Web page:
In a suburb of London, young Jamie is escaping sport hours, to avoid being the victim of his comrades. Young Ste, his neighbor, is beaten by his father, and comes to sleep overnight. They discover new feelings, sleeping in the same bed.
After his gay cousin dies from hepatitis, young Laurent, who lives with his best friend Carole, falls in love with Cedric, a plant scientist. He's afraid to inform his conservative parents that he is gay.
When 19-year-old gay-rights activist Tommy and 24-year-old Alan first meet in 1973, they find themselves on the opposite sides of the political coin. Despite their many differences, they ... See full summary »
Aaron Davis (Steve Sandvoss) and Christian Markelli (Wes Ramsey) are the two most opposite people in the world. Aaron is a young Elder (or a Mormon missionary) who wants to do his family proud and is quite passionate about his religion and film. Christian is a shallow WeHo waiter/party boy who only looks forward to bedding a new guy every night. After Aaron and three other missionaries move into the apartment across from Christian, his friends bet him $50 that he can't get one of them to jump into the sack, so he instantly latches onto Aaron. There are two problems, though - Christian is falling in love with Aaron and the Mormons are not the biggest fans of the homosexual community. Once Aaron is discovered, the two have to go through trials of regret, loss, perseverance, and forgiveness if they both want to get to the thing that matters to them most: each other. Written by
Through researching his role as a man with AIDS, Erik Palladino discovered that some of the medications his character was taking would cause at least some hair loss. Therefore, he took a pair of clippers to his own hair to create bald spots, although he shot all of his scenes in one day. See more »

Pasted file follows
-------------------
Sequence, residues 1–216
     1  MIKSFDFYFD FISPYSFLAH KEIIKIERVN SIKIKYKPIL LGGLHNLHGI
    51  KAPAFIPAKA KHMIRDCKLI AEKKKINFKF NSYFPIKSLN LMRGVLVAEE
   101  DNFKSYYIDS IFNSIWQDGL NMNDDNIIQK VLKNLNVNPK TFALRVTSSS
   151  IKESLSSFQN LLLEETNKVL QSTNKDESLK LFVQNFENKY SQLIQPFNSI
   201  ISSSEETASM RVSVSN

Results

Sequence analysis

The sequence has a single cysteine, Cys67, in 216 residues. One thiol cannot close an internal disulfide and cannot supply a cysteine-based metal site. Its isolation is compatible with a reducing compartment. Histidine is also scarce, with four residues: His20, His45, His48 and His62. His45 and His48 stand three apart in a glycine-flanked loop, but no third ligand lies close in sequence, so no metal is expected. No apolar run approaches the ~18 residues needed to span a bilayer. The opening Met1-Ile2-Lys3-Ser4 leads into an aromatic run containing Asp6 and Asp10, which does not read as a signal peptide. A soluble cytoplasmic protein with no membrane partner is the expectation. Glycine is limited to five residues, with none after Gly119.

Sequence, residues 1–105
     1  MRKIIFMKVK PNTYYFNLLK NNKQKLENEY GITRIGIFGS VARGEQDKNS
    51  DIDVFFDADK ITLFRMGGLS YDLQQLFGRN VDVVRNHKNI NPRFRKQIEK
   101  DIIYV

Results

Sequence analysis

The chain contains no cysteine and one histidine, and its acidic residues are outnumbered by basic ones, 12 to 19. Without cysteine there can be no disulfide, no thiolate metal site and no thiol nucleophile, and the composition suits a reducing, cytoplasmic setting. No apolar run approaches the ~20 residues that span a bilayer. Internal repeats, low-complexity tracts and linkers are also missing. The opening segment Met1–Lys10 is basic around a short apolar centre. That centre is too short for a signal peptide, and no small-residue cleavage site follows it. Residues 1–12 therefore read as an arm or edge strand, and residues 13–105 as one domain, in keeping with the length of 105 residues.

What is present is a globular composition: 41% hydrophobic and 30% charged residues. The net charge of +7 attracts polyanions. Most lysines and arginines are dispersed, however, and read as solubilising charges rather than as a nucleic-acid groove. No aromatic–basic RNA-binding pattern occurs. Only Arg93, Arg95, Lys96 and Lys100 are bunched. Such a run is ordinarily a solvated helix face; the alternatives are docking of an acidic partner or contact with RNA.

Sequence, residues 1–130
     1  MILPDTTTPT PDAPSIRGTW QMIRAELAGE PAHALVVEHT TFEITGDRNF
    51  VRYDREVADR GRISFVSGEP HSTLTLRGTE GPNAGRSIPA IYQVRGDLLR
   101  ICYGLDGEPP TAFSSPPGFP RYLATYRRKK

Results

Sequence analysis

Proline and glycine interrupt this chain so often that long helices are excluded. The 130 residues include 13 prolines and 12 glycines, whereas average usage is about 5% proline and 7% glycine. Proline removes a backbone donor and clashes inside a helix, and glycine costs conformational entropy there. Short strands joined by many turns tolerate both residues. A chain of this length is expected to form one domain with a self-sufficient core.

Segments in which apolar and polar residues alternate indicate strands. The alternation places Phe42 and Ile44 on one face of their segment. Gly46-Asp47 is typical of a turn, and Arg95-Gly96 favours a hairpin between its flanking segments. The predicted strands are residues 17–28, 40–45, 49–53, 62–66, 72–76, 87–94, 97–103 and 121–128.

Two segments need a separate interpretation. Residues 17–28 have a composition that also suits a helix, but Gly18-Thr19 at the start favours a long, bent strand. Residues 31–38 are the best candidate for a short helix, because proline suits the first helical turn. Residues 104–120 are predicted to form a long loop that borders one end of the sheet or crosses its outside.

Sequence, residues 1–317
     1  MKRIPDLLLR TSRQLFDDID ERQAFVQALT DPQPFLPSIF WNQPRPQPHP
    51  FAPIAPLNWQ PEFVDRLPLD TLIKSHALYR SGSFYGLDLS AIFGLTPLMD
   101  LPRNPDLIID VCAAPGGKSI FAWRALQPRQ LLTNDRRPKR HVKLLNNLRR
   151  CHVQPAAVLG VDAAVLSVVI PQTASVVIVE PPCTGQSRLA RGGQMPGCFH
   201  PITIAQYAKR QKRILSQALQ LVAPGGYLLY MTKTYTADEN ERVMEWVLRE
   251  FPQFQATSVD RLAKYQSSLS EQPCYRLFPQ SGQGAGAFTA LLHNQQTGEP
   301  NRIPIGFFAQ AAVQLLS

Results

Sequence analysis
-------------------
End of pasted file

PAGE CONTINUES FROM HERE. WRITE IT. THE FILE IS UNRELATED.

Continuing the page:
The name tags worn by the missionaries have the old LDS Church logo from before 1996. See more »
Elder Aaron Davis:
When I first came to Los Angeles, it looked like just this mass of dots... all jumbled and disconnected. It was pretty disorienting.
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A Special Thank You to... The Erik Palladino Screening Room and His Xylophone Backup Singers See more »
Latter Days touched me unexpectedly in many ways. I knew little about the film before I saw it on DVD, and really had few expectations. I am no movie critic, and probably see fewer flicks than most people. But I know what I like, and I know when something tugs at my soul. Few movies exist that I have wanted to see more than once. This is one, and I highly recommend it to anyone who is soulsearching.
Maybe it is stereotypical, and maybe its not Academy Award material (I like few that are), but it really touched some hot buttons with me, and it moved me to tears in the end. I thought that Cox and company did a great job summing up such deep subject matter in such a short time.
For those who think it's hoaky, I say relax, its just a movie. I lived many parts of the real-life version of this story, and it wasn't always pretty. While never a Mormon, I have "wrestled with the angel" for most of my adult life, still trying to reconcile my gay being with my spiritual being. Long-term denial of my sexual identity at an early age led me into a lengthy struggle with drugs and alcohol and a near-death experience 11 years ago. I even looked into aversion therapy once as a way to "cure" myself from homosexuality. Trust me, its better to see this unfold in a movie than to have lived it.
While it may be steeped in stereotype and clichés, as many critics have suggested, Latter Days manages to expose many shallow traits among the major elements in this story: organized religion, gay culture and even Hollywood itself (I love how Cox portrayed L.A. as an additional "character" in the movie).
I thought that the acting was terrific, especially Sandvoss as Aaron Davis. The music is as touching as the story (I recommend the soundtrack too). I can't speak for most moviegoers, but this one will stick with me for a while, and few ever do.
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